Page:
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Major stressors facing patients with amyotrophic lateral sclerosis (ALS): a survey to identify their concerns and to compare with those of their caregivers.

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  • 1Department of Neurology, Baylor College of Medicine, 6550 Fannin, Houston, TX 77030, USA.



To identify and compare the primary existential, physical, and psychosocial stressors affecting patients with ALS and their caregivers. Health care providers, together with patients and their caregivers, are challenged to identify both physical and psychosocial concerns that have the greatest impact on quality of life over the course of a serious illness. It is also helpful to understand the priorities of these concerns from the patients' and caregivers' perspectives so that we can render optimal care and help patients and their families with the myriad problems that accompany a progressive and fatal disease.


We analyzed responses from the first 66 patients with ALS and 61 ALS caregivers who attended the Baylor College of Medicine, Department of Neurology, Vicki Appel MDA ALS Clinic and who completed our internally generated 19-item survey. Subjects were asked to choose their three most important concerns. For analysis purposes we categorized the data into three domains: existential, physical, and psychosocial. Demographic data were collected. The Appel ALS Rating Scale (AALS) was used to measure disease symptom severity.


Sixty-six patients (45 men, 21 women) with a mean age of 57.9 (range 30-82) years and 61 caregivers completed the checklist. At the time the patients completed the survey, their mean AALS total score was 77.0 (range 34-132), indicating mild to moderate disability. The most important stressors identified by patients and caregivers were existential concerns (86.4% of patients and 79.7% of caregivers) and physical stressors (80.3% of patients and 76.3% of caregivers). Less than 50% of both groups endorsed psychosocial stressors (38%). However, when we analyzed the domain specific items, there was a significant difference between patients and caregivers on worries about the patient's dependency (37.9% of patients and 6.8% of caregivers).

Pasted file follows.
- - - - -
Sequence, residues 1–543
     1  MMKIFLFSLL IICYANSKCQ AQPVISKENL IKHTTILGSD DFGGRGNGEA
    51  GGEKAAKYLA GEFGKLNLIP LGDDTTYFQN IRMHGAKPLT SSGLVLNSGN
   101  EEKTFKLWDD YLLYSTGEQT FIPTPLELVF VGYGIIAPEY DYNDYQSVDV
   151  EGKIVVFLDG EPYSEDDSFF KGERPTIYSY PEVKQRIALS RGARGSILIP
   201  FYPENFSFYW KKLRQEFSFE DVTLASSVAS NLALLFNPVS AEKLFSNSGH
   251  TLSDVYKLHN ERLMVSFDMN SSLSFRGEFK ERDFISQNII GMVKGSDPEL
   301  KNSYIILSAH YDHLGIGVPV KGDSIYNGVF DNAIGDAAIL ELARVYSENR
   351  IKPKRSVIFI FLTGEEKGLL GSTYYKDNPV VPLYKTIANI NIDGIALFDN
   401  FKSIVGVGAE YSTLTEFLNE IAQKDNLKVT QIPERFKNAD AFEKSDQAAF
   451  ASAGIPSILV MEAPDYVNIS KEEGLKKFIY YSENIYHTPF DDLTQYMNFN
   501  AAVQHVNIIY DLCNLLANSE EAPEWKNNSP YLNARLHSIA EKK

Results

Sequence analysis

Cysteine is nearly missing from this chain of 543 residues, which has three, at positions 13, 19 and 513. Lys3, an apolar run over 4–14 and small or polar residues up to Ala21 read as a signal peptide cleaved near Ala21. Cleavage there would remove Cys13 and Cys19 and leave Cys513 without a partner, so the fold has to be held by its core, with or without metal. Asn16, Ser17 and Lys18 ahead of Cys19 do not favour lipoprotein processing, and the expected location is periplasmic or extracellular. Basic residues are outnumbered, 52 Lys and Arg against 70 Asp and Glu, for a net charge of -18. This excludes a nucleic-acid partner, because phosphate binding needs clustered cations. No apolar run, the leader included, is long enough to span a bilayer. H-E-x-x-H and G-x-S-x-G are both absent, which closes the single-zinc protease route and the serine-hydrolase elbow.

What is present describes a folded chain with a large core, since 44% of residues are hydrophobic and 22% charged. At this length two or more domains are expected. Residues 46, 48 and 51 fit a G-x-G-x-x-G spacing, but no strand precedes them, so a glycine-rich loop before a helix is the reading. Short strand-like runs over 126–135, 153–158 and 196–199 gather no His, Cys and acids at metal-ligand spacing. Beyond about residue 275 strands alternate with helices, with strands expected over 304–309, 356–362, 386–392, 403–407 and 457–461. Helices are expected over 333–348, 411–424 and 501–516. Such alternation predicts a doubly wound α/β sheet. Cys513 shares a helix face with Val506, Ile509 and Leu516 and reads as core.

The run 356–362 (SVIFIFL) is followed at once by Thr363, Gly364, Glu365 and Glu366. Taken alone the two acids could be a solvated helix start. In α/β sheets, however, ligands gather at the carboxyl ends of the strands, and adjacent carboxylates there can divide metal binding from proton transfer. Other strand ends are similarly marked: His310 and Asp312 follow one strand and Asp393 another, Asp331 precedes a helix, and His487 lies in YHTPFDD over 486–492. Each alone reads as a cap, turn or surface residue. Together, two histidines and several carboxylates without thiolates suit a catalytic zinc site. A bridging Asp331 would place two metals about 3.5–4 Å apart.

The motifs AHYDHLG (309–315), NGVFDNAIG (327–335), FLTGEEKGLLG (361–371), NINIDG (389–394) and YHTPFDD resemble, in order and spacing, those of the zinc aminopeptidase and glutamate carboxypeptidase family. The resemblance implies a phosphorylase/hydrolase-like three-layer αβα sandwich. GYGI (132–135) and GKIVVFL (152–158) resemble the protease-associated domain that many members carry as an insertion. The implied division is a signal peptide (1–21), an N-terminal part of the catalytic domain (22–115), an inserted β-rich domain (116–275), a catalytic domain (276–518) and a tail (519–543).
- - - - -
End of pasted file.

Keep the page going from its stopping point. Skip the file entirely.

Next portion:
Health care professionals should apply a holistic approach to treatment and care of patients with ALS. Families should be included in the process, and it should not be assumed that patients and caregivers will agree on all issues. Future research should focus on therapeutic interventions to help ALS patients and their families cope with the multiple stressors accompanying a catastrophic illness.

[PubMed - indexed for MEDLINE]
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